A budget can be a very good thing. It helps you track your expenses, find out areas where money is mysteriously vanishing, plan for the future, and to reduce waste. There are, in fact, times I highly recommend you make and plan a budget on a monthly basis. But if I might play the role of the financial heretic here, I believe there are times when you don’t need to make a budget!
Of course, such sounds heretical because we are used to personal financial advice from the Dave Ramsey’s of the world who dispense one-size-fits-all approaches to personal finance. Such gurus have a lot of good advice, but they forget that, above all, personal finance is PERSONAL finance.
Not everyone is in the same financial situation, and everyone has different short and long term financial goals in mind. A detailed monthly budget may be absolutely necessary for some people. But for others, maybe completely optional.
Let’s look at when you do need a budget, and when you don’t need a budget.
When You Need A Budget
- If you are living paycheck to paycheck. If you are first starting out in your career, and/or don’t make a lot of money, I highly recommend you make a budget. You are new to the world of personal finance, and you have no idea how much it truly takes to live. The only way you’ll ever be able to navigate the complexities of life in your situation is if you budget. Otherwise, suddenly, every little financial “surprise” becomes a crisis. You must get control over your personal finances by budgeting so that you can start saving towards the future.
- If you have a lot of consumer debt. If you are trying to get out of debt, and paying off things like credit cards, auto loans, and medical debts, you probably need a budget. Whether you are attempting to get out of debt using the “debt snowball” or “avalanche” methods of getting out of debt, you’ll never get off the hamster wheel unless you are carefully tracking your spending so that you can maximize paying down your bills. Otherwise, you risk only paying the minimum monthly amounts, and never getting out of debt.
- If you are highly dependent on variable income sources, such as tips, overtime pay, bonuses, or commissions, you need a budget. Since your income likely has very large peaks and valleys throughout the year, and is highly dependent on income that greatly fluctuates from month to month, budgeting is a must. The only way you’ll navigate your bumpy financial life is if you wear a seat belt. In this case, your budget will be that seat belt.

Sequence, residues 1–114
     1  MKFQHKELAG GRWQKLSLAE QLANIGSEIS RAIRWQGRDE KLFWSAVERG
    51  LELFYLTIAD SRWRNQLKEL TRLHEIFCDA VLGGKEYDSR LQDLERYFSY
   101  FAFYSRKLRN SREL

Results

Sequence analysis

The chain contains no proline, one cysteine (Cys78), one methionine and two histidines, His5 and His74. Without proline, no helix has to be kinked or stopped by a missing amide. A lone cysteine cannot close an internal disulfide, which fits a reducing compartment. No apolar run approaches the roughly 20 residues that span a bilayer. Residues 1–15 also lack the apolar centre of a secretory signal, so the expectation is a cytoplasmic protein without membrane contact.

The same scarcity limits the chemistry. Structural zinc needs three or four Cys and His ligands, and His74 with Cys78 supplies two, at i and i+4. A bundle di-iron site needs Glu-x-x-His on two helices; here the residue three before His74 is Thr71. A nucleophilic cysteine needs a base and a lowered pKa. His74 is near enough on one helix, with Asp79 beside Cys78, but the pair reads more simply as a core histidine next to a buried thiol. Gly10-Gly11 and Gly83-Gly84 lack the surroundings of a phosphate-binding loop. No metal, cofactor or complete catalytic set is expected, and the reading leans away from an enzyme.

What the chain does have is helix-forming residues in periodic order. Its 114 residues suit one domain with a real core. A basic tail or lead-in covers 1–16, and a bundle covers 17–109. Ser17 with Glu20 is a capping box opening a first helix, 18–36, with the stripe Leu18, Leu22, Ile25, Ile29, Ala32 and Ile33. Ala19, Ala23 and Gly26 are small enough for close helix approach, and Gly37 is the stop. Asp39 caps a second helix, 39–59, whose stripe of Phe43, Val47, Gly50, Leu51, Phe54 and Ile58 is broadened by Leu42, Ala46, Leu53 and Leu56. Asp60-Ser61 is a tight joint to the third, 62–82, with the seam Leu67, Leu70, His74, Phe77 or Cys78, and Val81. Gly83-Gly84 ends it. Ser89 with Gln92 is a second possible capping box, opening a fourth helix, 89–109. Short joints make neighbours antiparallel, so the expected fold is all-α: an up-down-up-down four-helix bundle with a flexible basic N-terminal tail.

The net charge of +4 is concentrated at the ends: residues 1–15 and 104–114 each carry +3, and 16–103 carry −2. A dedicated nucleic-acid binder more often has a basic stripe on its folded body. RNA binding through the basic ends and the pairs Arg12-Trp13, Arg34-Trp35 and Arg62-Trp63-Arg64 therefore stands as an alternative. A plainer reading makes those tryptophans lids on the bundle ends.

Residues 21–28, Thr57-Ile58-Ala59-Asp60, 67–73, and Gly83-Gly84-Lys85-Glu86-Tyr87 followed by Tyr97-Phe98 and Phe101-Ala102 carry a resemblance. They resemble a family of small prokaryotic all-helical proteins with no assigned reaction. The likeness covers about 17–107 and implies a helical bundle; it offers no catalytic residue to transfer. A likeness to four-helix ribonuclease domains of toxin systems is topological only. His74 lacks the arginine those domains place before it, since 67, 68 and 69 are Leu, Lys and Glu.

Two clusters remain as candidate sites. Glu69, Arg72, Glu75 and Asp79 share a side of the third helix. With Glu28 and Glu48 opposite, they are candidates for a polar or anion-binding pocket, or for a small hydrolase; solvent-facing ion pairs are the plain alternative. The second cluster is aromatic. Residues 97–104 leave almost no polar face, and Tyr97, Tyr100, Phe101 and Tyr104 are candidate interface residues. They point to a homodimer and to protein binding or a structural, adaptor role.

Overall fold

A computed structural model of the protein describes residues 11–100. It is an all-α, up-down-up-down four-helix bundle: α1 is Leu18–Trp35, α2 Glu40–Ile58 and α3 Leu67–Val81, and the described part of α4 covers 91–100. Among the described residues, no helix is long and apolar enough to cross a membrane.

- If you have some aggressive savings goal in mind for a big ticket purchase in the near future, you need a budget. Are you having a baby in the next few months? Need to buy a car in the next year or so? Is the roof on your house starting to look bad? In cases like these, you might need to temporarily and aggressively start diverting money you normally spend in one category and putting it towards these.
- If you lack financial self-control, you definitely need a budget. You know you. Are you naturally inclined to spend, or save? Does the Amazon Prime delivery driver know the name of your dog? If you are a little out of control, and are prone to frivolously spend and regularly engage in impulse shopping, a budget is the only way you’ll probably control your spending. Otherwise, you’ll lie to yourself about where you are financially, and you’ll likely find yourself regularly living beyond your means instead of below your means.
When You Don’t Need A Budget
- If you are no longer living paycheck to paycheck, and have 3-6 months of monthly expenses stashed away in emergency savings, you probably don’t need to make a budget. If this is you, you aren’t living on the edge. You have a pretty good financial cushion, and can easily absorb most of life’s random happenings.
- If you are regularly living below your means, and your monthly income regularly outstrips your average monthly expenses, you probably don’t need to make a budget. And why would you? You clearly have self-control, and make more money than is needed to pay for your rent/mortgage, utilities, groceries, etc. These expenses tend to be rather static from month to month, even if they fluctuate a little bit from one season to another.
- If you are operating from the principle of “paying yourself first,” then you probably don’t need a budget. If you’ve easily taken care of your short and long term savings goals, have automated those, and are on goal to meet your retirement goals, then you are at the point financially where your financial life is on auto-pilot. Sure, a budget could be useful tool to crank out a few extra dollars every now and then. But, at this point, you don’t need to sweat the small stuff, and it won’t matter if you have a $5 a day Starbucks habit.
- If you have software that tracks your expenses, you probably don’t need to make a monthly budget. There are a ton of free to cheap apps you can install on your phone capable of tracking your expenses. Most major banks have a tool on their website or app that will automatically classify most of your monthly expenses. Unless you are in a bad situation financially, there’s not a need to make a line by line budget that tracks in detail everything you are spending your money on. This financial technology, while not always 100% accurate, can give you a pretty good “at a glance” view of your monthly spending habits. If you are in a good place financially, this is probably all you need to make sure you haven’t gone off the rails financially. It should take you no more than 30 seconds to look this up on a monthly basis.